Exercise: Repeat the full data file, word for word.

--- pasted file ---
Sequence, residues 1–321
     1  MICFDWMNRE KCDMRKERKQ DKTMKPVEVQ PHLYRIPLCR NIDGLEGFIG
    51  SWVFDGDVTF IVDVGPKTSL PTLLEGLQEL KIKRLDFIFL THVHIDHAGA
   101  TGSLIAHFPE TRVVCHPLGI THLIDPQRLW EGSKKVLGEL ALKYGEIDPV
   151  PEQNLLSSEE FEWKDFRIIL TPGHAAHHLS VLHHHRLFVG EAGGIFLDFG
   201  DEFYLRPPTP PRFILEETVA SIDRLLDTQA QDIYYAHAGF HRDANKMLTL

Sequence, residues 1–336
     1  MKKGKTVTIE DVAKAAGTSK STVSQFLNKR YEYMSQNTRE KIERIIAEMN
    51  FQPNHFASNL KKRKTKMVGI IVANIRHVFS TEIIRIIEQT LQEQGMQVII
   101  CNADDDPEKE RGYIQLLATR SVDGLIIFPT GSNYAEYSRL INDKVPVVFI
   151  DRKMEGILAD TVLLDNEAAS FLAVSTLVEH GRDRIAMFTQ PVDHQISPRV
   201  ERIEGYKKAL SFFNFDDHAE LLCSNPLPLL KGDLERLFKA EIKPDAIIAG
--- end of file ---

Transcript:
Sequence, residues 1–321
     1  MICFDWMNRE KCDMRKERKQ DKTMKPVEVQ PHLYRIPLCR NIDGLEGFIG
    51  SWVFDGDVTF IVDVGPKTSL PTLLEGLQEL KIKRLDFIFL THVHIDHAGA
   101  TGSLIAHFPE TRVVCHPLGI THLIDPQRLW EGSKKVLGEL ALKYGEIDPV
   151  PEQNLLSSEE FEWKDFRIIL TPGHAAHHLS VLHHHRLFVG EAGGIFLDFG
   201  DEFYLRPPTP PRFILEETVA SIDRLLDTQA QDIYYAHAGF HRDANKMLTL

Sequence, residues 1–336
     1  MKKGKTVTIE DVAKAAGTSK STVSQFLNKR YEYMSQNTRE KIERIIAEMN
    51  FQPNHFASNL KKRKTKMVGI IVANIRHVFS TEIIRIIEQT LQEQGMQVII
   101  CNADDDPEKE RGYIQLLATR SVDGLIIFPT GSNYAEYSRL INDKVPVVFI
   151  DRKMEGILAD TVLLDNEAAS FLAVSTLVEH GRDRIAMFTQ PVDHQISPRV
   201  ERIEGYKKAL SFFNFDDHAE LLCSNPLPLL KGDLERLFKA EIKPDAIIAG